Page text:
McCarten on free markets

Matt McCarten writes:

The trillion-dollar, taxpayer-funded handout to criminal and irresponsible corporations in the United States surely puts an end to the nonsense that there is any such thing as a “free” market.

Actually it does no such thing, but we will hear more of this sort of nonsense.

First of all no one has ever claimed markets are perfect, just that they tend to be better than the alternatives.

Secondly what actual market are we talking about? There are dozens – the market in labour?, in trade?, in goods? in services? in currency? in financial services?

Beware anyone rails against free markets generically. Ask them what markets they mean.

The free marketeers' ideology goes something like this: there should be no regulation and the market is always self-correcting. If managers of enterprises make mistakes, their businesses would fold and new ones would take their place.

Now Matt takes an extreme view. Very very few fans of free markets are against any regulation at all. For example most peopel accept the central bank having a role in banking supervision, and most people accept a role for a Commerce Commission to stop fraudulant promotions etc.

The intelligent debate is about what level of regulation is needed. And there is no one answer fits all. When it comes to trade I would argue almost no except for safety and labeling. In the labour market I would say you do need a wee bit more regulation such as minimum employment rights.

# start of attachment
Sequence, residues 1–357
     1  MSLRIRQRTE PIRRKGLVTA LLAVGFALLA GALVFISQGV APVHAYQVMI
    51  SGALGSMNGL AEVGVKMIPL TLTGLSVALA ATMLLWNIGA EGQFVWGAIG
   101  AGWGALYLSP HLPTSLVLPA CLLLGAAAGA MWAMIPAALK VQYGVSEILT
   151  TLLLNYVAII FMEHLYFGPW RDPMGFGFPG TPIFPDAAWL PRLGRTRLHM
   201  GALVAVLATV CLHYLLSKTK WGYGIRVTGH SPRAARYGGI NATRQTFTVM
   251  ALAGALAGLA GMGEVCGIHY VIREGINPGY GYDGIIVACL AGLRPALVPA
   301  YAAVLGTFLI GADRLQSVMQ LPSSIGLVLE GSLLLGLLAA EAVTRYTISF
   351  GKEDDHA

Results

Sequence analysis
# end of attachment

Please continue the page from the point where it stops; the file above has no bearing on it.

Our politicians and business leaders need to come clean and admit that free market capitalism doesn't work and never has.

This is nonsense. Free market capitalism is not the total absence of any regulation at all, just as is not the total absence of any markets at all.

The benefits to the world from a moving towards a more market approach have been massive however. No not perfect, but still massive. Living standards has increased massively. Socialism has been abandoned in all but the odd dictatorships or authoritarian regime. and India have pulled hundreds of millions out of poverty by introducing more markets.

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